Whatever happened to shouts of glee and over anxiousness that accompanied the coming of winter and the snow? It snowed again last night, and the snow continues its descent onto our parched high mountain plains of Wyoming. Yes, the weather people predicted this stuff. Some said 7-8 inches; others, perfunctorily, said a few inches. Whatever they said or meant to say, we knew the snows would still come.
Whatever happened to the feeling of being able to go outside and play in the snow, build snow forts in the backyard along the west fence by the Hewards, create human chains and tube the massive sand dunes by St. Anthony, or go snowmobiling with Carey and Laura in Charlie Hunting’s fields down by the slough? All that fades, now that the cold and the snows continue harassing us.
Although Punxsatawney Phil did not see his shadow, meaning, ostensibly, an early spring, winter still blusters around us, spewing snow and unseasonably cold weather everywhere in America. And I am not happy about it. I guess age somehow deadens the naïve senses of youth and the good old days and causes blinders to shut out the looking forward to the white stuff.
When I was younger, I loved peeking out the curtains when my mother wasn’t looking—she hated them parted once they were closed—and watching the huge flakes float daintily to the ground, covering the blotching brown with soft whiteness. Before street lights in Menan, the outside porch light created a funnel that welcomed the white flakes, kissing each one with sprays of 60 watts of light.
Often at night, my brothers and I anticipated what the morning would bring, hoping our alarms would wake us to so much snow that we wouldn’t have to go to school. Finally, we dropped off to sleep, knowing, praying, the snows would pile high enough for us to make paths in the new snow in the soft glow of the morning.
Come morning around 6:15 a.m., we donned blue or gray hooded sweatshirts, our new snowmobile suits, yellow fuzzy gloves, knit stocking cap with face masks, and our green snow Pacs. All bundled up, we were finally ready for the deep drifts, leading to the barn. Like sled dogs breaking trail, we sloshed through the snow toward the barn and corrals where the pigs, cows, chickens, and horses waited for us, anxious for their morning breakfast. As soon as the milking and other chores were done, we had time to play in the snow before we had to get ready for school and a dismal day inside.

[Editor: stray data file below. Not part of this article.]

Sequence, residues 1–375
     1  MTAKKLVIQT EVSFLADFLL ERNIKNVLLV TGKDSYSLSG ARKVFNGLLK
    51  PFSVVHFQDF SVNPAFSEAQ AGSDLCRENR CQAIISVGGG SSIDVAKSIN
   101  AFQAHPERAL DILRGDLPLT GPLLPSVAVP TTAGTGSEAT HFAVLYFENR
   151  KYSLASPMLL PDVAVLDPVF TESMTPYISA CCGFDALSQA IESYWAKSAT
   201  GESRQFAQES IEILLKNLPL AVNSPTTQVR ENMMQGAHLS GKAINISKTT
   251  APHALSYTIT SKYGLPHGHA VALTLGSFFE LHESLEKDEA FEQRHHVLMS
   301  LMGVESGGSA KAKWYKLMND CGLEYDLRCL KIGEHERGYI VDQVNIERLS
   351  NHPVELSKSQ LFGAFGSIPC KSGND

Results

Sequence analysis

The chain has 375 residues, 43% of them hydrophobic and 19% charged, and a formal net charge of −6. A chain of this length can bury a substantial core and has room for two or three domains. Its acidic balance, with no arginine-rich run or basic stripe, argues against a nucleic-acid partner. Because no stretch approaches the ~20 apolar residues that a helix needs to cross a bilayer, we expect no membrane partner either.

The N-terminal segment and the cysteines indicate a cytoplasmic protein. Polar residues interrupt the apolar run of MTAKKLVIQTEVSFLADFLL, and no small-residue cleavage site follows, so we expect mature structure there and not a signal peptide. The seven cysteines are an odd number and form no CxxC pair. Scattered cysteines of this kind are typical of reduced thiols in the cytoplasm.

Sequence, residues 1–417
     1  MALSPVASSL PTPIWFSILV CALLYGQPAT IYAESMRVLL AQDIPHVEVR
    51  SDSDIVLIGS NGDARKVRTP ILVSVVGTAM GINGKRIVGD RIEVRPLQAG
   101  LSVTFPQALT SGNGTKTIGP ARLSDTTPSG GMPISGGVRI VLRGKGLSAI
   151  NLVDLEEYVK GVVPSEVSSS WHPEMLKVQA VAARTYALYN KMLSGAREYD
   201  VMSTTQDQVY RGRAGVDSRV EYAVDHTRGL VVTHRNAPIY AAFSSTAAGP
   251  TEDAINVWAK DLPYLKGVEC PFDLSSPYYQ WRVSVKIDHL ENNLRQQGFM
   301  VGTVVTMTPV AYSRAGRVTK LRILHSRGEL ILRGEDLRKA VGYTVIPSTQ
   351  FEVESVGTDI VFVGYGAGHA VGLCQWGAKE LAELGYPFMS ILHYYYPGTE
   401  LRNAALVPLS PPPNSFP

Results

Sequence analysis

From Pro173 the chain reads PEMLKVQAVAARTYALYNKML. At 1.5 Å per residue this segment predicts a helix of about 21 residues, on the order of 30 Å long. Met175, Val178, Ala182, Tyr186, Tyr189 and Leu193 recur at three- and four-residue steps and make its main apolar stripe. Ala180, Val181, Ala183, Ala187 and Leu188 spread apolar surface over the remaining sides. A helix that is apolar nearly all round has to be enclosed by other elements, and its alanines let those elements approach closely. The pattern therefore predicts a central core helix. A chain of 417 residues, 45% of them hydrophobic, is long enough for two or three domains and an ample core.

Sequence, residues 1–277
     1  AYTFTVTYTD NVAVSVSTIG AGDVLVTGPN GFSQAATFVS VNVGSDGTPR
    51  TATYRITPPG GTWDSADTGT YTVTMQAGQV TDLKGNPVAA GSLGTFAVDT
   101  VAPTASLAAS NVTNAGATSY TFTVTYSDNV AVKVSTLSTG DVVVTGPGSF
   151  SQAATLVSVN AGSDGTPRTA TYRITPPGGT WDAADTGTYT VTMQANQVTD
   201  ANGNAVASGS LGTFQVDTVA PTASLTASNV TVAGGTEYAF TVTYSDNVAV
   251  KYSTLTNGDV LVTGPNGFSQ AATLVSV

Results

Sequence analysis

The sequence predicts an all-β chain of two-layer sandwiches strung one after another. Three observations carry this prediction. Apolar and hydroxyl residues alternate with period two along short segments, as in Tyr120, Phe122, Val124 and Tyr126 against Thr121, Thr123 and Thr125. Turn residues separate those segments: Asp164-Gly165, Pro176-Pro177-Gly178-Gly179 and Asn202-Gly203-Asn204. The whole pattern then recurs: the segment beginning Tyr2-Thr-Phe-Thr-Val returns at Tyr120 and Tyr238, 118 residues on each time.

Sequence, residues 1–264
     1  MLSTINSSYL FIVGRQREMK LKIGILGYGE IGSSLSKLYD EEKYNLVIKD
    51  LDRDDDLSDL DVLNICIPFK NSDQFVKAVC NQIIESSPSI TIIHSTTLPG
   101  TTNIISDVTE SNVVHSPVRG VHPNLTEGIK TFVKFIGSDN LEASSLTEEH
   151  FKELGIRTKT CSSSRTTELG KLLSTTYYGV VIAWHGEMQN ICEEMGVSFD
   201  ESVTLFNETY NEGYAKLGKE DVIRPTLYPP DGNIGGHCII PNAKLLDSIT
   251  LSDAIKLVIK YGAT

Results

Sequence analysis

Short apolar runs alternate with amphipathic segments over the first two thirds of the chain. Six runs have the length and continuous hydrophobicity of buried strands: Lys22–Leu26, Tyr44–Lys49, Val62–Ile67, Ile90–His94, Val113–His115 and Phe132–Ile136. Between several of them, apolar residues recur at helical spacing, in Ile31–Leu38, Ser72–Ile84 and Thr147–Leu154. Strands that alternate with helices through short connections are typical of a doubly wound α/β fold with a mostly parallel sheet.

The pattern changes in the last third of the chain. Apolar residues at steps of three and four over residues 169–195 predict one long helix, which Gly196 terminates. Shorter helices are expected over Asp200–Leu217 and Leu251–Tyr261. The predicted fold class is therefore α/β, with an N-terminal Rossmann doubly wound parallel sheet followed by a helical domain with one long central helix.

Usually our first order of business in the newly converted yard was making snow angels. We fell backwards and began making snow angels, arms and legs outstretched and moving them side to side, ever so carefully out and away from our bodies, touching our gloved hands to our thighs, creating perfect angel wings.
Trying to rise from our angelic pose and not ruining the perfectness of the snow angels proved to be the most difficult task. Carefully, we inched our bodies now thick with clothes and clotted snow to our elbows, then to our hands; then using our hands, we pushed our bodies up and onto our feet and leaped clear of our angels. We stood, congratulating ourselves that we had not plopped back into the crevices of our angels, thus preserving the angelic sculptures in the snow.
Once the angels were completed, we grabbed the shovels and tossed snow until we could see the driveway and the sidewalks. Finished shoveling out our side of the world, we shuffled over to Basil and Freda Heward’s place and began shoveling them out. We tried to be quiet so we wouldn’t wake them. With two or three of us, it did not take very long to uncover their walks and single car driveway.
Just before we slipped back into our house to warm up, drink a cup of hot chocolate, chuck full of miniature Marshmallows, and have breakfast, we trundled to the backyard where we oogled the snow drifts, now fence high, that beckoned us to come partake. Tempting as it was, we knew they would still be there, maybe even be bigger, when we returned home that afternoon from school. For just a brief moment, we planned how we were going to build the snow fort, carefully this time, together, not like last time when the snow was just right for snow balls and all else was forgotten in an onslaught of fist-packed snow. Somehow boys possess a sense of quitting everything when being bombarded by snowballs. Snowballing fights were war, and we couldn’t lose.
Only quiet memories still linger in the minds of adults, now too old or too lethargic to climb from their soft, leather chairs to shuffle outside to taste winter the way it was supposed to be: to sling snowballs; make perfect forts in deep drifts; and create snow angels in the soft, perfect snow, made especially for little boys with imaginations, warm blood surging through their young veins, and no sense of cold or wetness seeping through their clothes.